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Why 30-Year-Old Computer Hacking Methods Still Work

This topic contains 1 reply, has 2 voices, and was last updated by  taku 5 years, 9 months ago.

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  • #10615


    A system is only as secure as the end user, as any grey-haired sysadmin will happily tell you. As a result, all the alphanumeric passwords in the world can’t protect a system if a user is tricked into running malware, something against which there’s very little defense—or so people think.

    Tom Scott has an interesting look at the history of basic phishing attacks, and how the common desktop hierarchical folder system enables their success. His logic is pretty good: users are always going to accidentally open viruses, which under the centralized file system used by desktop OSes, can run rampant. Not exactly news, and the fix normally involves scary and ineffective posters by the water cooler.

    Scott’s counterproposal is a little different: draw inspiration from mobile OSes, where sandboxed apps have their own storage space, and precious little ability to infect the rest of a device. Keep using hierarchical systems for trained users, but appify everyone else, and security could be much better, he posits.

    It’s not a perfect fix—Android malware is alive and well, often in the form of entirely fake apps—but it’s a neat thought about an often-forgotten part of our computing history.

  • #10616


    The sandboxing idea is pretty common (and a pretty good idea overall) but it’s got two big weaknesses:

    1) Holes in in the sandboxes. This is the problem with Oracle Java JVM and Adobe Flash player. They’re trying to keep malware from getting outside the sandbox, but they’re so badly written that for every hole plugged there are another dozen leaks sprung. Browsers then try to sandbox those, but there are holes in them too!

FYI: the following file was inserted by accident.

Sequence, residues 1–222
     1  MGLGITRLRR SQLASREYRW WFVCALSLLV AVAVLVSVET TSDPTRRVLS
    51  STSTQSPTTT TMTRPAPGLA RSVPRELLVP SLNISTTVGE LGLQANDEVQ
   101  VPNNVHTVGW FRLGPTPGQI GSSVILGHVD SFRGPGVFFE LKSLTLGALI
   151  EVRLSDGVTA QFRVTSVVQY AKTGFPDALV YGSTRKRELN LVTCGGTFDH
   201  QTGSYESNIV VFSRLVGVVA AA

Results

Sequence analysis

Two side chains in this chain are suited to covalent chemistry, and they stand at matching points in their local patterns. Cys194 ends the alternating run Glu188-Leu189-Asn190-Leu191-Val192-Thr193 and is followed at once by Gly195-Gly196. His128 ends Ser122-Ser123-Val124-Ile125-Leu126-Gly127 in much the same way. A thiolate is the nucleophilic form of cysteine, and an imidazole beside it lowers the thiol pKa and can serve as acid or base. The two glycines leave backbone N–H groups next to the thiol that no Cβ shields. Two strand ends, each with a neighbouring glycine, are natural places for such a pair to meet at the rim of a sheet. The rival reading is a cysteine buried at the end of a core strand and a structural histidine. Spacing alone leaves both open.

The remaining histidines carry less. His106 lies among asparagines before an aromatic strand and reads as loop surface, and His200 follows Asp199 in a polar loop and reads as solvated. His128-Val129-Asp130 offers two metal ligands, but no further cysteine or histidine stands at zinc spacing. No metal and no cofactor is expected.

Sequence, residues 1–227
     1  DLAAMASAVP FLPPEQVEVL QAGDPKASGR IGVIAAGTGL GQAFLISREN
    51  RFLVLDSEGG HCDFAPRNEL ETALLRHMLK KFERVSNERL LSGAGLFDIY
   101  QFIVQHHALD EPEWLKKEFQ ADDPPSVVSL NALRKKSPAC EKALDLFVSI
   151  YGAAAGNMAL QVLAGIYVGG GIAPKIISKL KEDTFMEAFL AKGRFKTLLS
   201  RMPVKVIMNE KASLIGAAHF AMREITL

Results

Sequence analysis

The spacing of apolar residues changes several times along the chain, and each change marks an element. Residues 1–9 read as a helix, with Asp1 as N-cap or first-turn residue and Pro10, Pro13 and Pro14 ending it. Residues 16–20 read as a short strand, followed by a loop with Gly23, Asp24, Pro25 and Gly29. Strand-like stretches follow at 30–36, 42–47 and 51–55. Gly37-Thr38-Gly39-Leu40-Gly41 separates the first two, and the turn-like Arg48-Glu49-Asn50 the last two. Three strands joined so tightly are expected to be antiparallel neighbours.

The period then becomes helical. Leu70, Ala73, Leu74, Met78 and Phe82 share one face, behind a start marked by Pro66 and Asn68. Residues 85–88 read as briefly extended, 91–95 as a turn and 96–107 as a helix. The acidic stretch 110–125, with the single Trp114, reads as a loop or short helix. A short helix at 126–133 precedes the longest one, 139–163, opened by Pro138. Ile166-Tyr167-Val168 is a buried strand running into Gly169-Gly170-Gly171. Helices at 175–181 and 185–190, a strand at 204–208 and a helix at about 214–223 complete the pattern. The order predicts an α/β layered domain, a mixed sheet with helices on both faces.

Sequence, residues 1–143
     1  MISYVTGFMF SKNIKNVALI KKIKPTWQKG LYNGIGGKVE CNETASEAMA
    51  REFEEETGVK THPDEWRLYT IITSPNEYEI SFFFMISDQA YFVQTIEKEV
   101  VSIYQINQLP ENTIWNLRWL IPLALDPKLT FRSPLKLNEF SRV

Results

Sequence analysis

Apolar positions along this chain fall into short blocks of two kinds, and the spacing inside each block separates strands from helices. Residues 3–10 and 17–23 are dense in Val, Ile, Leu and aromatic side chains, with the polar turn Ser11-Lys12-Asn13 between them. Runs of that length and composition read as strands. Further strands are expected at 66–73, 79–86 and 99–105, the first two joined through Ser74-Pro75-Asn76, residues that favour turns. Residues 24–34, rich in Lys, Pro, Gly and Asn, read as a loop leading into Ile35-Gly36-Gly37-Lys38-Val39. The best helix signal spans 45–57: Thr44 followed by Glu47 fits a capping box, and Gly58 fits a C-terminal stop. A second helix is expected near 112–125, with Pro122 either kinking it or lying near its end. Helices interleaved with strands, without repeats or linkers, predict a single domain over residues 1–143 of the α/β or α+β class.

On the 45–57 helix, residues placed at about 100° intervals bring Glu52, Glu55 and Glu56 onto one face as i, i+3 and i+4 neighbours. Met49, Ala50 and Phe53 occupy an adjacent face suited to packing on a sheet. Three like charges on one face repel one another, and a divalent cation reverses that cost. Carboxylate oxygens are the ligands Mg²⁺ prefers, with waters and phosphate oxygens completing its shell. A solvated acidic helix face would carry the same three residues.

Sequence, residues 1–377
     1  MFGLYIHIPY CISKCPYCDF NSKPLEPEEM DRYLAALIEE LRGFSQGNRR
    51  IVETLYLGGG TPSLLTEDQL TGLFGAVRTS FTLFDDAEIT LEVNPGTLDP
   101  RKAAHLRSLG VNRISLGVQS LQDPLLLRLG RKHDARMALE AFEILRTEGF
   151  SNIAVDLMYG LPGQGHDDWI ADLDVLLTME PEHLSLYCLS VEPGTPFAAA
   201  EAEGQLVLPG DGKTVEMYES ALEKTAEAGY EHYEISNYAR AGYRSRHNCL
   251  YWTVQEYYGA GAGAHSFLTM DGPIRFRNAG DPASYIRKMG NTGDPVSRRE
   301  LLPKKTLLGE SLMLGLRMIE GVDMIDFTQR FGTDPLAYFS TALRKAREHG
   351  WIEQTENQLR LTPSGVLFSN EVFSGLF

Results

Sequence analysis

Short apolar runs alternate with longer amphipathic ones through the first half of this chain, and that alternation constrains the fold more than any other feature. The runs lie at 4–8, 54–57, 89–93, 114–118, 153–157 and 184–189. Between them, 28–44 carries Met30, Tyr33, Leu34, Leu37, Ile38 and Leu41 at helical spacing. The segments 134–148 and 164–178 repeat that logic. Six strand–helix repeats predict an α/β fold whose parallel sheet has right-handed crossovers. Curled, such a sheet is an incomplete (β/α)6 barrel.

Or you can say, well, just run everything in a VM. Great, except it has the same problems – it’s really the same thing. Xen hypervisor had a massive escalation bug for seven years before it was fixed.

    2) This is the biggest one – users demand convenience. And app writers demand convenience. And every convenience you give them is a hole in the security. Ideally every app would be an island on its own, unable to see anything else, completely unable to harm other things.

    Fine. Except now you want your editor app to be able to see things in your Dropbox. Okay, so you create a tunnel from Dropbox… Whoops, you’ve just created a system-wide hole. This was a huge thing with the initial Android SD-card support. Once you let any app read/write anywhere on the SD card, then all apps could steal the data of other apps that wrote anywhere on the SD card. And it’s multiplied by the first problem.

    And nobody’s going to let security win over ease of use because most users don’t give a shit about security and any barrier to ease of use will be some lost users.

    I’m all for sandboxing stuff, it’s certainly an improvement, but it’s not a panacea. An alternative is permissions, like Linux and NTFS security permissions, but again, it’s not a panacea because convenience means you have to poke holes in it. You just can’t fix the fundamental problem that users are computer ignorant and will trade their password (or retina scan) and even let you sit at their computer for a Snickers bar.

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